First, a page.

In 2016 and 2017, North Korea embarked on a series of missile tests. Those tests were downplayed by U.S. military strategists until July 2017 when officials concluded that North Korea had indeed successfully developed the capability to launch a missile that could reach Hawaii, Alaska and possibly the continental U.S. It was not clear whether North Korea had developed the capability of arming a missile with a nuclear weapon.
The United Nations Security Council unanimously imposed stringent economic sanctions on North Korea.
In August 2017, as rhetoric between President Donald Trump and North Korean Leader Kim Jong Un ramped up, North Korea threatened to fire a missile at Guam after Trump declared any aggression by North Korea would be met with “fire and fury.”
Although many experts believed the risk of an imminent on Hawaii was slim, the verbal threats by North Korea became more alarming.
Hawaii is home to the Pacific Command and would likely serve as an important staging area for American forces in the Pacific in the event of greater hostilities breaking out. Hawaii has played that role in every major conflict since the island nation was annexed by the United States in 1898.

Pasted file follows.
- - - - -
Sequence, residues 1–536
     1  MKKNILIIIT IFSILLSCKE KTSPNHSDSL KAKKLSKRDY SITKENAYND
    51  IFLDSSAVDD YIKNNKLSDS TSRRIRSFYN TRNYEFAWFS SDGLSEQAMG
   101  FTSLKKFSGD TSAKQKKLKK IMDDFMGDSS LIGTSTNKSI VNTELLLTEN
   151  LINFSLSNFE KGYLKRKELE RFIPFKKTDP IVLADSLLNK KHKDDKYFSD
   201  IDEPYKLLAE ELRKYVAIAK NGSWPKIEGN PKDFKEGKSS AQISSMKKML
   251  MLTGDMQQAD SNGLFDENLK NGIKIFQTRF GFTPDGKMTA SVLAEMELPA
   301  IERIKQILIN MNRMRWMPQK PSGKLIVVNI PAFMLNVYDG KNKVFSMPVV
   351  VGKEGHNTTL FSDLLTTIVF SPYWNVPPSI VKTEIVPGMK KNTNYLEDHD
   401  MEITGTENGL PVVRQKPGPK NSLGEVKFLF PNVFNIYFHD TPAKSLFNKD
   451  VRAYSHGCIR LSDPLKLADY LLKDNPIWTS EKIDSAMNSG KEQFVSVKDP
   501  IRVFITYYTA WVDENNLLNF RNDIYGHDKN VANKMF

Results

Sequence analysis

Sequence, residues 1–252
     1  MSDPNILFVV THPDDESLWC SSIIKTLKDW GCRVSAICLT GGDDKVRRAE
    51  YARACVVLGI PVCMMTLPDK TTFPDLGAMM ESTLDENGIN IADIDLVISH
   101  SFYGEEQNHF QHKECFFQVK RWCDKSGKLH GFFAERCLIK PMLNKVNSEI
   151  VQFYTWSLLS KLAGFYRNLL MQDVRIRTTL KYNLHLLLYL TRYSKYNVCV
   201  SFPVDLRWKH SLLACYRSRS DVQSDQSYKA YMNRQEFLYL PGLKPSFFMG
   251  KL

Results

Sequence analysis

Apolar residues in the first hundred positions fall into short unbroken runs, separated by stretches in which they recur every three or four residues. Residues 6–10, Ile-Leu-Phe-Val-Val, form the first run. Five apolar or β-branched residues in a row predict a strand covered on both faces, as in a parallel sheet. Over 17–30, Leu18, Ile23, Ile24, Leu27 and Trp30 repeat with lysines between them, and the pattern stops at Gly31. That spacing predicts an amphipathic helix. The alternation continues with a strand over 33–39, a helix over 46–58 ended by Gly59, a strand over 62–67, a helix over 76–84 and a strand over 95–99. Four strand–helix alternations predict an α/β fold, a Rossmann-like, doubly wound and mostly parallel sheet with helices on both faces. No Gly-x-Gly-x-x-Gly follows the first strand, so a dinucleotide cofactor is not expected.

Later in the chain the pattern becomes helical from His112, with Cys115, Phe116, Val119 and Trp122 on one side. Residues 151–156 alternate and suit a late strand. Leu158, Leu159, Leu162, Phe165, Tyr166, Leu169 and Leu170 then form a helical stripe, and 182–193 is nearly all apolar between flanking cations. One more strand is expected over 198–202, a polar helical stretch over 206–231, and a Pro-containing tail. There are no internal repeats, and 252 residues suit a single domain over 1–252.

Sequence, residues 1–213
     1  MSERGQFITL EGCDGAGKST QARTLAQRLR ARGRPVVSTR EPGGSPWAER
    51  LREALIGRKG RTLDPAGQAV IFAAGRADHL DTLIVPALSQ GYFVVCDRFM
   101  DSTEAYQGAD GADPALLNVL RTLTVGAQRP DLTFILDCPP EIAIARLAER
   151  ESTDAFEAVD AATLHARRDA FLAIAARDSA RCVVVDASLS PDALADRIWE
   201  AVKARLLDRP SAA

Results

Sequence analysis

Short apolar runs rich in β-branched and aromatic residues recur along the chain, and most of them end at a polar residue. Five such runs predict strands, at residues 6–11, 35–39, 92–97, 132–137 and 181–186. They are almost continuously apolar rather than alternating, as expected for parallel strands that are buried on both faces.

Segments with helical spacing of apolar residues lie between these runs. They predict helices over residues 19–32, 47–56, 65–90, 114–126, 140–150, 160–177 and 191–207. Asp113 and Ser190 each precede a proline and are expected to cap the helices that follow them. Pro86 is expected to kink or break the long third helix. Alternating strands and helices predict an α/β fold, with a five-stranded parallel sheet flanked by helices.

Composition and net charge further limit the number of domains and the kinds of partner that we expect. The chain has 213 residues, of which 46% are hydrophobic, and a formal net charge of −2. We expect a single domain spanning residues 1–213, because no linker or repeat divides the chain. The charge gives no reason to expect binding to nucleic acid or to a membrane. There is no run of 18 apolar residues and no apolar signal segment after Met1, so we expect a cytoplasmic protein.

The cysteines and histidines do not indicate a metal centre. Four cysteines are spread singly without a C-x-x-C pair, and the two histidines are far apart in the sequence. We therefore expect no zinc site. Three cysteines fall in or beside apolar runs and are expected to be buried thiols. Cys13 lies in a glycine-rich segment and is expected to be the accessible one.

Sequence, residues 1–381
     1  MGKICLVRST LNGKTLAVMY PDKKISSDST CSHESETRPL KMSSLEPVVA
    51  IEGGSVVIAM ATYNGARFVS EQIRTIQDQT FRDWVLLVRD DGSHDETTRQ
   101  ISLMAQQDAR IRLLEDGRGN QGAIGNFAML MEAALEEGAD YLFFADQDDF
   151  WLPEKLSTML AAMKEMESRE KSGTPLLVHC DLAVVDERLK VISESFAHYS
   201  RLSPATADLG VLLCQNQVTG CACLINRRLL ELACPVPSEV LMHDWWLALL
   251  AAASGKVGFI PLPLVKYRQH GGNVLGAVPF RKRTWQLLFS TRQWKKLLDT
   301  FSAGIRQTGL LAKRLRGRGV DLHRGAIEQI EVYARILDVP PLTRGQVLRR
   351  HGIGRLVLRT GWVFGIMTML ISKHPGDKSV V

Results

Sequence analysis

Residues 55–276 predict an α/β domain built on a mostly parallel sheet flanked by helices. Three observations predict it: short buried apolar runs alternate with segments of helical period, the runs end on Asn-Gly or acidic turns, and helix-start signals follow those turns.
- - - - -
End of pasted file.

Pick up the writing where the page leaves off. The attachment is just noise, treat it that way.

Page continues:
Hawaii’s civil defense agency issued guidelines to residents that included: listen for warning sirens, stay away from windows and remain sheltered until they are told it is safe to exit or for 14 days, “whichever comes first,” according to the directive.
False Missile Alert
On Saturday, Jan. 13, 2018, the Hawaii Emergency Management Agency inadvertently sent an alert to tens of thousands of Hawaii cellphones that warned of an inbound ballistic missile. The alert caused widespread panic in the islands until the agency was able to issue a second message saying it was a false alarm.
That took 38 minutes and by that time many residents and visitors had run for shelter, some trying to shelter in place in their homes and others seeking refuge in concrete parking structures and commercial buildings. It turned out an employee hit the wrong button during a routine drill that was intended to be internal only.
Hawaii officials, including Gov. David Ige, were the subject of major criticism. Ige promised a full review and appointed a top military leader to lead an investigation.